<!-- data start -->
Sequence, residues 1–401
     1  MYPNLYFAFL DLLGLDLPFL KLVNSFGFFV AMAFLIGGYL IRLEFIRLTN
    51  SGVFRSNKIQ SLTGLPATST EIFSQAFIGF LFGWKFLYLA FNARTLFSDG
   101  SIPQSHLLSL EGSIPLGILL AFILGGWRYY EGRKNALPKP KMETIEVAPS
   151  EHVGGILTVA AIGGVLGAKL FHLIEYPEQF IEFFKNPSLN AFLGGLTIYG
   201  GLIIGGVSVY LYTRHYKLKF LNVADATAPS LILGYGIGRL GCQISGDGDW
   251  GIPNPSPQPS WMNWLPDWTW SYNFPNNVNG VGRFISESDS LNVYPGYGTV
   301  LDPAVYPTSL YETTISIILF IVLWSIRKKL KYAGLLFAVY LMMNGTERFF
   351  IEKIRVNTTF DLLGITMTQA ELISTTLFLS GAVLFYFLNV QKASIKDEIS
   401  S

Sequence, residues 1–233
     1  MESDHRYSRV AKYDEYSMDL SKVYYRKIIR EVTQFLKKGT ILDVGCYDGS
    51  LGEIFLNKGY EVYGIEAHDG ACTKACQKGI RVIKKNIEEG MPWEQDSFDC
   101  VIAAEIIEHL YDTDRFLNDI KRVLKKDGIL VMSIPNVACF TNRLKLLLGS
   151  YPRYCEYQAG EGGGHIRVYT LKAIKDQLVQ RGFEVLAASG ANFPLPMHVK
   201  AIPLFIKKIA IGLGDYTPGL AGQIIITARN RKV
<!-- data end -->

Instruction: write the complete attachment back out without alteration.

Sequence, residues 1–401
     1  MYPNLYFAFL DLLGLDLPFL KLVNSFGFFV AMAFLIGGYL IRLEFIRLTN
    51  SGVFRSNKIQ SLTGLPATST EIFSQAFIGF LFGWKFLYLA FNARTLFSDG
   101  SIPQSHLLSL EGSIPLGILL AFILGGWRYY EGRKNALPKP KMETIEVAPS
   151  EHVGGILTVA AIGGVLGAKL FHLIEYPEQF IEFFKNPSLN AFLGGLTIYG
   201  GLIIGGVSVY LYTRHYKLKF LNVADATAPS LILGYGIGRL GCQISGDGDW
   251  GIPNPSPQPS WMNWLPDWTW SYNFPNNVNG VGRFISESDS LNVYPGYGTV
   301  LDPAVYPTSL YETTISIILF IVLWSIRKKL KYAGLLFAVY LMMNGTERFF
   351  IEKIRVNTTF DLLGITMTQA ELISTTLFLS GAVLFYFLNV QKASIKDEIS
   401  S

Sequence, residues 1–233
     1  MESDHRYSRV AKYDEYSMDL SKVYYRKIIR EVTQFLKKGT ILDVGCYDGS
    51  LGEIFLNKGY EVYGIEAHDG ACTKACQKGI RVIKKNIEEG MPWEQDSFDC
   101  VIAAEIIEHL YDTDRFLNDI KRVLKKDGIL VMSIPNVACF TNRLKLLLGS
   151  YPRYCEYQAG EGGGHIRVYT LKAIKDQLVQ RGFEVLAASG ANFPLPMHVK
   201  AIPLFIKKIA IGLGDYTPGL AGQIIITARN RKV